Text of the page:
John Barham, International Editor
Senior U.S. official describes how the U.S. should respond to a softening in Venezuela's anti-U.S. rhetoric
The U.S. will not designate Venezuela a terrorist state, the State Department’s top diplomat for the region told a Congressional hearing today . Instead, it will explore opportunities for dialog with President Hugo Chávez.
“President Chávez has expressed interest in improved relations with the United States,” said Thomas A. Shannon , assistant secretary of state for western hemisphere affairs, before a subcommittee of the House Committee on Foreign Affairs. He said Chávez appeared to be reversing his previous policy stance toward the U.S. by offering to hold talks on drug interdiction and to hold meetings with the U.S. ambassador in Caracas.
Shannon is a respected career diplomat who served as political counselor in the U.S. embassy in Caracas in the late 1990s. He said Chávez has started to back down on his anti-western policies and rhetoric in recent months following a series of domestic and foreign policy setbacks.
In addition to taking a softer line toward the U.S., Chávez has also worked to improve relations with neighboring Colombia, where government officials accuse him of supporting left-wing guerrillas of the Revolutionary Armed Forces of Colombia (FARC). Chávez has urged the FARC to lay down their arms; previously, he urged foreign governments to recognize the FARC as a legitimate resistance movement.
Congressmen at the hearing were concerned that Chávez would use Venezuela’s growing oil wealth to foment unrest and undermine U.S. interests in Latin America. Shannon downplayed this risk: “Venezuela has hit the limits of its international influence.” Other Latin American leaders, such as Brazil’s Luis Inácio Lula da Silva, are reasserting leadership in the region. Rivals such as Peru and Trinidad and Tobago are becoming important energy providers. Venezuela itself is facing trouble in its own oil sector, which is heavily dependent on the U.S. market.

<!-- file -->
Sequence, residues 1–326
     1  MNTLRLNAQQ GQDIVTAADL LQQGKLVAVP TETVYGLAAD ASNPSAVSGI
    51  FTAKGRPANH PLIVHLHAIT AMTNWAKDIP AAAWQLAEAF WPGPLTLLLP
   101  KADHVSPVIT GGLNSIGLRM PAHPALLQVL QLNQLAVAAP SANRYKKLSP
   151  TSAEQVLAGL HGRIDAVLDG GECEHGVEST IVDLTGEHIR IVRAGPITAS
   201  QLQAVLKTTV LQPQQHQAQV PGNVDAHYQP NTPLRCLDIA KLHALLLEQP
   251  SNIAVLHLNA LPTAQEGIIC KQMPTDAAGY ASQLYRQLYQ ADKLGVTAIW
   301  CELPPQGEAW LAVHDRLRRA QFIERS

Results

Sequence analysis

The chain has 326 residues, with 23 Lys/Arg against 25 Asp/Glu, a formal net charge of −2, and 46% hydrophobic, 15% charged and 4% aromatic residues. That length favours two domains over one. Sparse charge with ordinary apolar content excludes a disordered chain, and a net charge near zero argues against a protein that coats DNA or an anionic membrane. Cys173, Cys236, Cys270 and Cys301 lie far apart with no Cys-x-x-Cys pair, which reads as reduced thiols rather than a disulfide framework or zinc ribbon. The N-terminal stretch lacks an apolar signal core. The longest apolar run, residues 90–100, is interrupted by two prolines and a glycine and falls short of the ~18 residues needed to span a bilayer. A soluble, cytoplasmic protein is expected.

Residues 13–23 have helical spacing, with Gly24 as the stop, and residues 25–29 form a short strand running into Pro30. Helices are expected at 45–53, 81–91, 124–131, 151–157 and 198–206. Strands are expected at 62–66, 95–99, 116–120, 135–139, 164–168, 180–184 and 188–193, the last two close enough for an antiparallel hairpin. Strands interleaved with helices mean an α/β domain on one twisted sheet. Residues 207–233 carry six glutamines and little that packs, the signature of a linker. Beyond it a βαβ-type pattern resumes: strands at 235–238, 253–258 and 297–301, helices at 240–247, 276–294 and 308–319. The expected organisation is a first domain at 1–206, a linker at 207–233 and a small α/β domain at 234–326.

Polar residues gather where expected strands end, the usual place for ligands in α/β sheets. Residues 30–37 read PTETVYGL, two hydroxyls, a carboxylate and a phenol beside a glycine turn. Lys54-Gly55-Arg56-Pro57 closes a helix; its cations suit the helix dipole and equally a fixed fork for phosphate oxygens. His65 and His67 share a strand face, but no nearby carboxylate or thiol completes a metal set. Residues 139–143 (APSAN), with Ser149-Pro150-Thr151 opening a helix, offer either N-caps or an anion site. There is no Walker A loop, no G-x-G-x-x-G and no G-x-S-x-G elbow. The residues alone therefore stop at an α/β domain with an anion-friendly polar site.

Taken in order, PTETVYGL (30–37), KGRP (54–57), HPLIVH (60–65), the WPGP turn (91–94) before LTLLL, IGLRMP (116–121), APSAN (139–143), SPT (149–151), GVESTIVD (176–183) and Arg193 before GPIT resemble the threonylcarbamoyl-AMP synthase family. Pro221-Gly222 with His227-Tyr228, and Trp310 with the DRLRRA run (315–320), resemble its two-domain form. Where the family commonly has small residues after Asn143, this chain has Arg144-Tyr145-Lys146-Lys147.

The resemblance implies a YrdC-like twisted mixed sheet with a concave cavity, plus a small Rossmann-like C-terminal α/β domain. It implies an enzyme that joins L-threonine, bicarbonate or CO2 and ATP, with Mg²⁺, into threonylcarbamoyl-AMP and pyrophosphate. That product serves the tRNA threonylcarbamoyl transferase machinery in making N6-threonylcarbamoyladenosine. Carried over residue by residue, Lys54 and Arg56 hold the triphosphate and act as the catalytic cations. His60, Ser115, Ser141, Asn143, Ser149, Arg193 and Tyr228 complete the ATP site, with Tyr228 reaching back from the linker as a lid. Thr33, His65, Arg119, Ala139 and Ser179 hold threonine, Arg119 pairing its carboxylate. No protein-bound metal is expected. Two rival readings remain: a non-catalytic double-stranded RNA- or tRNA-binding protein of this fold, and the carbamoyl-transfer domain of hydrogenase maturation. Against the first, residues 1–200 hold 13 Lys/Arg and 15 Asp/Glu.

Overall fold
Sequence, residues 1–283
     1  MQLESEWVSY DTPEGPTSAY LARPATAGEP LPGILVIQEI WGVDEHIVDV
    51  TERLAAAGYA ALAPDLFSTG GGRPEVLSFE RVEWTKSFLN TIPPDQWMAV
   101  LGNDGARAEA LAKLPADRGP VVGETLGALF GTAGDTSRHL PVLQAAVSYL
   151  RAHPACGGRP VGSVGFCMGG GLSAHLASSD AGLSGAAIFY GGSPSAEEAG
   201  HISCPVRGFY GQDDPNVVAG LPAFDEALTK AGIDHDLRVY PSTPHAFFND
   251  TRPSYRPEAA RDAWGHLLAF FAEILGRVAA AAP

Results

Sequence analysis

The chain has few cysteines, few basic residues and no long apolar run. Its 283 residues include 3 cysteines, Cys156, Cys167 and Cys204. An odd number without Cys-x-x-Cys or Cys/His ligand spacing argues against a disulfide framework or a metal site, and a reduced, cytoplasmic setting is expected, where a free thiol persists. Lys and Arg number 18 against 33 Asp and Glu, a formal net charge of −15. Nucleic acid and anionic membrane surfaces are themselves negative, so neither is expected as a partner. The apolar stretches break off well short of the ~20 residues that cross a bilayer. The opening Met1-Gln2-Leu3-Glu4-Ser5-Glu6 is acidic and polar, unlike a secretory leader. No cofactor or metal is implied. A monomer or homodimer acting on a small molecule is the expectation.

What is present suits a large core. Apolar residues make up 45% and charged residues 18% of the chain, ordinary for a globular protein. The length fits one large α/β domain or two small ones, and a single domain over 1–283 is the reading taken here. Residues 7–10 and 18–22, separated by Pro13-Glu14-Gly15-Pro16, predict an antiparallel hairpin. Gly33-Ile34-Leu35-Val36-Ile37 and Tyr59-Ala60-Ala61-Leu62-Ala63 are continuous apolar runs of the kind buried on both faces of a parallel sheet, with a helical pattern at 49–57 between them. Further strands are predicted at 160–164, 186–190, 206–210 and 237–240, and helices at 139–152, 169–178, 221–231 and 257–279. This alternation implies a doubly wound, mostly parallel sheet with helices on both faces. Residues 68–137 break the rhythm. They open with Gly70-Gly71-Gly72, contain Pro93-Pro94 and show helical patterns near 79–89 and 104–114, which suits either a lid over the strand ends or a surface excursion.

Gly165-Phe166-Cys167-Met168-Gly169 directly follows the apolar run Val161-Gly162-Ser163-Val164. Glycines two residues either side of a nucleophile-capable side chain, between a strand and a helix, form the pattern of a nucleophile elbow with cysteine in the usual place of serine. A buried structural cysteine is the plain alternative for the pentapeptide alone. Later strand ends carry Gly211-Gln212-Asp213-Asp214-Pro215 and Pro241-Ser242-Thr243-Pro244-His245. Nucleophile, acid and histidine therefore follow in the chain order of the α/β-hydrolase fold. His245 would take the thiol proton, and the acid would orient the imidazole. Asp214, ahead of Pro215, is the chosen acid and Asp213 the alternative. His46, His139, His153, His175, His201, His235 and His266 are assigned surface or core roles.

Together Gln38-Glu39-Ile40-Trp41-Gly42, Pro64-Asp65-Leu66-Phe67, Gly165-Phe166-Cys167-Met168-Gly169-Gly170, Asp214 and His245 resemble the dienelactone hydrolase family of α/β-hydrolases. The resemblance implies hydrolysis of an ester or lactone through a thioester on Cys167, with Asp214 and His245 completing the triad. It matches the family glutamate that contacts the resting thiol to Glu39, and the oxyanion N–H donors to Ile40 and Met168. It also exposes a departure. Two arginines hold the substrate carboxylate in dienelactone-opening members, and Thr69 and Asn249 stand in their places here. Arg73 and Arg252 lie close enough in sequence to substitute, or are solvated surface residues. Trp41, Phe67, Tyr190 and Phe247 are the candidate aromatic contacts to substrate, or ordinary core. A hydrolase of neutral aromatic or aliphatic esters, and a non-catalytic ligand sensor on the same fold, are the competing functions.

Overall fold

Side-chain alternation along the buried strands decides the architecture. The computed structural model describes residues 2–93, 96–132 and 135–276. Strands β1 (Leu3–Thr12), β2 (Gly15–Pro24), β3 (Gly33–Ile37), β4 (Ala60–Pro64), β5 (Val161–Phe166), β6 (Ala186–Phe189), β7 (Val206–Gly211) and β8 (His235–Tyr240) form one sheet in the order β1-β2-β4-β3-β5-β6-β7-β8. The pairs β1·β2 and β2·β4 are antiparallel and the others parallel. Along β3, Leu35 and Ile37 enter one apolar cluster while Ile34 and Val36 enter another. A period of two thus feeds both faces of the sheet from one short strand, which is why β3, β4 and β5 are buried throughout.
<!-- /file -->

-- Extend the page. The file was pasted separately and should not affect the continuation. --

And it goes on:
The U.S. is encouraged, but wary, about Chávez’s offer to discuss drugs policy, Shannon said. He has previously refused to cooperate with the Drug Enforcement Agency’s efforts to stem cocaine exports through Venezuela, which has become a major drug export corridor. Drug shipments bound for the U.S. are routed through Venezuela to Haiti and the Dominican Republic; shipments for Europe are sent via fragile West African states.
Shannon said the U.S. will continue to carefully monitor Venezuela’s growing relationship with Iran. He also said Washington is studying targeted sanctions against individuals within Venezuela’s security and intelligence community who are suspected of acting as go-betweens with the FARC and Hezbollah, the Iranian-controlled Lebanese group.
Venezuela’s small Jewish community is concerned about the country’s relationship with Iran and Hezbollah. The community has shrunk by about one-third; Venezuelan police have raided Jewish schools. Shannon promised the U.S. government will remain in contact with the community and raise its concerns in meetings with Venezuelan officials.
However, he said there is insufficient evidence to brand Venezuela a terrorist country, as Washington has done with Syria and Iran. Instead, the U.S. would respond to Chávez’s initiative and see where it will lead.